Covid penetrated remotest parts of Dakshina Kannada: Expert | Mangaluru News – Times of India

MANGALURU: Against the backdrop of the alarming surge in the number of fresh Covid-19 cases that were reported in Dakshina Kannada’s rural pockets, the district administration launched ‘Vaidyara Nade Halli Kade (To the villages shall the doctors go)’ a few weeks ago.
As part of this initiative, medical colleges were entrusted the task of deputing postgraduate students and junior doctors to the villages to help check the spread of the infection, particularly in the remote parts of the district.
Teams deployed by these medical colleges travelled by road, and where there was none, by foot and reached out to thousands of people who were cut off from the mainstream.
These teams traversed a whopping 1,500 villages, wherein they detected 667 people with Covid-19, and early detection of the illness helped check the spread in most of these boroughs.
The team from AJ Institute of Medical Sciences and Research Centre, which was tasked with the management of Covid-19 in Bantwal taluk, visited more than 2,000 households, and tested nearly 10,000 people from the novel coronavirus.
The college kicked off the project on May 13. Associate Professor of the department of community medicine at the college Dr Pradeep Senapati admitted to the task having been an onerous one.
“It was a challenging exercise. Despite the government’s various awareness programmes, people in the villages continue to have reservations about getting tested for the novel coronavirus,” he said.
The college deputed 30 doctors, including postgraduate students and senior faculty, for the initiative. The 30 doctors were divided into six groups. “They visited 18 public health centres, two community health centres and a seva kendra. What we were able to ascertain was that the virus has spread to some of the remotest parts of Bantwal taluk. There is need to intensify testing further,” Dr Senapati added.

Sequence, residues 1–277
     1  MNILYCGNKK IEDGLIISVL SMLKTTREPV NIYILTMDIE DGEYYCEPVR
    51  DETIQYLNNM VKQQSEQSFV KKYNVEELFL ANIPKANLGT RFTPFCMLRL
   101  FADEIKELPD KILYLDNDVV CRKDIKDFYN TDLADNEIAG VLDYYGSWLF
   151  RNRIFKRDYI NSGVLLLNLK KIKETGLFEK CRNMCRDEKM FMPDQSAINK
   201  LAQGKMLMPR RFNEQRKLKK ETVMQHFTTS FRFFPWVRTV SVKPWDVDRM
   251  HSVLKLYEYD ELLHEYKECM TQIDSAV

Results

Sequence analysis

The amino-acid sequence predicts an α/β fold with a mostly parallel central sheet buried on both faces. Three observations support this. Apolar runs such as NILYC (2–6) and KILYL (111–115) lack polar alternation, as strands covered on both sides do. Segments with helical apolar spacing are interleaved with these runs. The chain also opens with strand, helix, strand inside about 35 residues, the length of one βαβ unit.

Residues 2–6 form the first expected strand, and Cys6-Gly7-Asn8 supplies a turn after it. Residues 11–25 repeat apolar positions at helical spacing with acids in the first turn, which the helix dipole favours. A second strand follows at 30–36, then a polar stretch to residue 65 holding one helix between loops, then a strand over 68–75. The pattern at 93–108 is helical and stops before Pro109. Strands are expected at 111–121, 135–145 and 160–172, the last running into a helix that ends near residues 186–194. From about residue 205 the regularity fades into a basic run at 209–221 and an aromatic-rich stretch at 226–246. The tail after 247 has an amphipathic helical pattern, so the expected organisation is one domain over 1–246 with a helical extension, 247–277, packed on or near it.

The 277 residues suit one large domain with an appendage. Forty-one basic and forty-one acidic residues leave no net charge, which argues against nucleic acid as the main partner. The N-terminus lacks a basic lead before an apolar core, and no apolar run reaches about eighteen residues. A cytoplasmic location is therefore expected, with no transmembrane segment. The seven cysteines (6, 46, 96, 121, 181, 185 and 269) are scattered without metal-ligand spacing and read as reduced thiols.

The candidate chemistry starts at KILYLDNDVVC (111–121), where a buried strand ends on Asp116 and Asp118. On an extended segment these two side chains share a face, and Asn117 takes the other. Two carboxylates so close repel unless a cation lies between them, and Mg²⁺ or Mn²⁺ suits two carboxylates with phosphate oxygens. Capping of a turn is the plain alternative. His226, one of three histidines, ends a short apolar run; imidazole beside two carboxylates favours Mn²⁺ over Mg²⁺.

Associate professor in the department of community medicine at Kasturba Medical College, Mangaluru Dr Ramesh Holla said that visits to homes helped detect Covid-19 cases that would otherwise have slipped under the radar.
“At KMC, we launched our rural outreach initiative two weeks ago, and have thus far visited 6,500 households in Moodbidri and Kateel,” said Dr Holla, who also rued the persistent association of stigma with both the infection and those dealing with the illness.
“But the situation is certainly much better than it was during the first wave,” he said. KMC, Mangaluru has deputed a team of 50 members, which comprises interns, senior faculty and 14 laboratory technicians.
Dakshina Kannada district health officer Dr Kishore Kumar told TOI, “This project has acquainted us with the situation prevailing on the ground in the district’s rural pockets, besides helping in identifying those with Covid-19, and tracing their contacts. We will continue with ‘Vaidyara Nade Halliya kade’ till the end of June.”


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